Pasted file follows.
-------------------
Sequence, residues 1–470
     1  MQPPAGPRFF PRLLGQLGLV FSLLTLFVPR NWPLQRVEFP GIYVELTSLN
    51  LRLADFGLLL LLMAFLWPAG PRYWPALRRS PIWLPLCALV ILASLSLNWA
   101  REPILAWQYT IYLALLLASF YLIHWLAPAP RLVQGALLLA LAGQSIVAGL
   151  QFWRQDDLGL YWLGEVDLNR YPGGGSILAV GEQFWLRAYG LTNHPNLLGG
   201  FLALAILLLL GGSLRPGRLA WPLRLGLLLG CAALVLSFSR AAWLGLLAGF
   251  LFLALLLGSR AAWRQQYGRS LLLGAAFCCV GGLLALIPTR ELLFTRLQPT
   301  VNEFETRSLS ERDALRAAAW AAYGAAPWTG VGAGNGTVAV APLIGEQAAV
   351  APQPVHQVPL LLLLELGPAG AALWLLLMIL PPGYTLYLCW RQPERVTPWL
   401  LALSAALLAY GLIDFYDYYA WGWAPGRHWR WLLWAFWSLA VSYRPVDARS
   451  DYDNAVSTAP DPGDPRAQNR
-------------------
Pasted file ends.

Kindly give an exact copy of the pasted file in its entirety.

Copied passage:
Sequence, residues 1–470
     1  MQPPAGPRFF PRLLGQLGLV FSLLTLFVPR NWPLQRVEFP GIYVELTSLN
    51  LRLADFGLLL LLMAFLWPAG PRYWPALRRS PIWLPLCALV ILASLSLNWA
   101  REPILAWQYT IYLALLLASF YLIHWLAPAP RLVQGALLLA LAGQSIVAGL
   151  QFWRQDDLGL YWLGEVDLNR YPGGGSILAV GEQFWLRAYG LTNHPNLLGG
   201  FLALAILLLL GGSLRPGRLA WPLRLGLLLG CAALVLSFSR AAWLGLLAGF
   251  LFLALLLGSR AAWRQQYGRS LLLGAAFCCV GGLLALIPTR ELLFTRLQPT
   301  VNEFETRSLS ERDALRAAAW AAYGAAPWTG VGAGNGTVAV APLIGEQAAV
   351  APQPVHQVPL LLLLELGPAG AALWLLLMIL PPGYTLYLCW RQPERVTPWL
   401  LALSAALLAY GLIDFYDYYA WGWAPGRHWR WLLWAFWSLA VSYRPVDARS
   451  DYDNAVSTAP DPGDPRAQNR